170 Jericho Tpke, Syosset
(516) 864-0702, beijinghousesyosset.com
It’s possible to order the standard egg drop soup, beef with broccoli or sweet and sour chicken at Beijing House in Syosset. But that’s not what it’s about. This is not a Chinese American restaurant, but one that features the food that the people of China actually eat. That’s why almost every diner at this restaurant, which opened in October, is Chinese. The word is out in that community and everyone somehow knows to bring their own wine.
Beijing House’s basic décor underplays its creative menu. Though most American diners are unlikely to order pig intestine with hot chili pepper or stir-fried kidney and yams in blueberry jam, there’s a sizeable middle ground between these and egg foo young. That gap makes it possible to peruse Beijing House’s menu with a relaxed, adventurous attitude and eat authentic, never-before-sampled dishes.
The four diners at our table were poised to order the usual four appetizers, four entrées and four desserts when an honest waiter interceded and set us straight. “Too much,” he said. “The portions are far too large for each of you to eat a three-course dinner.” He was right. We ended up ordering sparingly with three appetizers, two entreées and no desserts. Ice cream was the only one available and our take-charge waiter delivered the bill to our table without even asking us if we wanted any. He was right again. We couldn’t even finish what we did order. The check for all this food was less than $78.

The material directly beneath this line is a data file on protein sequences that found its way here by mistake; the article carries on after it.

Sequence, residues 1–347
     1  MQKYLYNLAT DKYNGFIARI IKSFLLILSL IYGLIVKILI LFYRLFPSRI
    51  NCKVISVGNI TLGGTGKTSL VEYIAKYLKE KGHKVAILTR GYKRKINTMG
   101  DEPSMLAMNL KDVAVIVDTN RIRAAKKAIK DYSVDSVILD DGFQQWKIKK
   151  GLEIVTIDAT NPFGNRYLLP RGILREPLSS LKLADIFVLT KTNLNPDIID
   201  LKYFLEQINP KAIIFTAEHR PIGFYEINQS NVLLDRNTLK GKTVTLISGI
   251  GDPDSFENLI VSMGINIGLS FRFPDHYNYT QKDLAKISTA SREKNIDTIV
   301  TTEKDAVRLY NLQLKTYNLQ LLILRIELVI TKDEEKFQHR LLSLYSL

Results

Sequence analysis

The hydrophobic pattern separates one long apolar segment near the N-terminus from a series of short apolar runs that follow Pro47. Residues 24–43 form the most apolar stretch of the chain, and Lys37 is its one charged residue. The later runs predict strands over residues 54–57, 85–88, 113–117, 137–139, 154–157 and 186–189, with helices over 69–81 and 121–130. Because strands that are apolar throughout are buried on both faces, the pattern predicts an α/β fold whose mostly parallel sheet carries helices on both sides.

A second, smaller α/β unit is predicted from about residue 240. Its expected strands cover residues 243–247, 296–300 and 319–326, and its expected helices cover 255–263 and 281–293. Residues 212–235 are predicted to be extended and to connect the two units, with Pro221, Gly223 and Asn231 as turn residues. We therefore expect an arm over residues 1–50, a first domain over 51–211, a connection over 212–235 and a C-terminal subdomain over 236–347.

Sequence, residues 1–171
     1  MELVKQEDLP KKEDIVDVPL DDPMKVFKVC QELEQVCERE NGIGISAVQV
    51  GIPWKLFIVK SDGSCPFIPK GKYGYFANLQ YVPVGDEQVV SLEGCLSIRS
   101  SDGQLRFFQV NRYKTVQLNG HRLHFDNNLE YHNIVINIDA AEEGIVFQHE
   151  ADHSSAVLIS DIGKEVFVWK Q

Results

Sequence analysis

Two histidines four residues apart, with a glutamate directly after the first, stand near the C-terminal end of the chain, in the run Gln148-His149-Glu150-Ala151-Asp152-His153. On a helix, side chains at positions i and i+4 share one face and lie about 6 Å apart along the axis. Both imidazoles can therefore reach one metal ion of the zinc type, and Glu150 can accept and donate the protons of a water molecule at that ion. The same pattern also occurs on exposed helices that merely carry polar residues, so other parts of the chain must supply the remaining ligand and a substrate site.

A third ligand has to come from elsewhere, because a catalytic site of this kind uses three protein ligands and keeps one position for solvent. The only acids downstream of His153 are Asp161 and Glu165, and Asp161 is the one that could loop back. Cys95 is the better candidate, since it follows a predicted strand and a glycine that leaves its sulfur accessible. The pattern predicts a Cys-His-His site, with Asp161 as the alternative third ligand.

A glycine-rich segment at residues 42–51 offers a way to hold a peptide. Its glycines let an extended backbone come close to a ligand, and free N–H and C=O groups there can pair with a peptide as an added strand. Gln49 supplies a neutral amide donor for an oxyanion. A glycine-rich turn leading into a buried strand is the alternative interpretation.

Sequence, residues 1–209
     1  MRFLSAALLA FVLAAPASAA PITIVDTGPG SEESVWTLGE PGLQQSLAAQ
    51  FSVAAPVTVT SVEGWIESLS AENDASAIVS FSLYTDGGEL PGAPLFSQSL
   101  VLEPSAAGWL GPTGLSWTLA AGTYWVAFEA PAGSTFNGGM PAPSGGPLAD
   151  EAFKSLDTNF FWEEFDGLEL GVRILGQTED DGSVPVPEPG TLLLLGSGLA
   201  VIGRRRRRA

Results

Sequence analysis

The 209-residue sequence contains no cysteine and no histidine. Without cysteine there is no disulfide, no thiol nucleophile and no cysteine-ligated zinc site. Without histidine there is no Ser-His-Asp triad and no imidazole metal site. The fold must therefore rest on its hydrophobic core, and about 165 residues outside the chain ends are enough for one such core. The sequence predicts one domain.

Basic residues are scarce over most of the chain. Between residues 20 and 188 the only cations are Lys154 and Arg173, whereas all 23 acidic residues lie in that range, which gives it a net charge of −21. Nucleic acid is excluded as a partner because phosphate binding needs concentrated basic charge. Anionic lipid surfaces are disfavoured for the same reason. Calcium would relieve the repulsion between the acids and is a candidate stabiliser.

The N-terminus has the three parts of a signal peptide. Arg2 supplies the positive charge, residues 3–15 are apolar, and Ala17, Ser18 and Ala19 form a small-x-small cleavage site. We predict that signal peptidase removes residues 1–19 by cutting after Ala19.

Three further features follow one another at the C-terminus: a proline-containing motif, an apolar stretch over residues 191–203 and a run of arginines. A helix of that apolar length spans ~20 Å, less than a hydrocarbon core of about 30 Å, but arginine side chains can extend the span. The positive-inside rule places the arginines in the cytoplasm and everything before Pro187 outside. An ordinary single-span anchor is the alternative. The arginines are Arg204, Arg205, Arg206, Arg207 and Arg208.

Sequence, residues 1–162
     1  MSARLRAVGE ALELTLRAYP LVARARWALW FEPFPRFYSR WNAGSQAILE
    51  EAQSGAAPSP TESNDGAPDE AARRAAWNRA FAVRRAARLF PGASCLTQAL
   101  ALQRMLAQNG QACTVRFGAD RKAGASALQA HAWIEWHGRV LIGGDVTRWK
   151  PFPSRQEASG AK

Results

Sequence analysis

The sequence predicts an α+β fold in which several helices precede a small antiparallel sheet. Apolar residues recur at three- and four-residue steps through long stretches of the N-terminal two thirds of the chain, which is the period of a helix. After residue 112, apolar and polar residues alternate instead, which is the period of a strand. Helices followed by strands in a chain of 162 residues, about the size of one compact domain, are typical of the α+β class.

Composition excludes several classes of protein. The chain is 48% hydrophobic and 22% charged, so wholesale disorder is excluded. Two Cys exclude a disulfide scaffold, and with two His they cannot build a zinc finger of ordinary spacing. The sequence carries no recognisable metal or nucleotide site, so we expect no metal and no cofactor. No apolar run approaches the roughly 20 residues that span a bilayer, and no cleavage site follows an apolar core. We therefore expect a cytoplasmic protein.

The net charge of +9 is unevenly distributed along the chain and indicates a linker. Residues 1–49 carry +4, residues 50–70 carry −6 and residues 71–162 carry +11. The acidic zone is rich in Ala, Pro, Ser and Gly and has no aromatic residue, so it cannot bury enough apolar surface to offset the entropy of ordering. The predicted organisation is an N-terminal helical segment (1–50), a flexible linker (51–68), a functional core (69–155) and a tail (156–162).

Although we ordered from the menu’s middle ground, we nevertheless tilted toward the exotic with an appetizer of ox tongue and tripe with hot chili sauce ($10.95), wood ear mushrooms with black vinegar ($7.95) and green bean jelly cucumber and pork minced special sauce ($11.95). The two main events were sautéed lamb spare ribs with cumin seeds ($28.95) and stir fired pork meatballs with soy and vinegar sauce ($11.95).
The tongue had two red peppers next to it on the menu and did generate some back of the mouth spiciness and plenty of flavors. A mild counterpoint was the wood ear mushrooms with an interesting texture that was subtle, almost bland. That green bean jelly cucumber with pork minced special sauce turned out to be a colossal mountain of noodles infused with vegetables and topped with a mound of pork. Both the tender, easy to cut sautéed lamb spare ribs, buried under cumin seeds and the light stir-fried pork meatballs (26 of them) received a deserved enthusiastic response.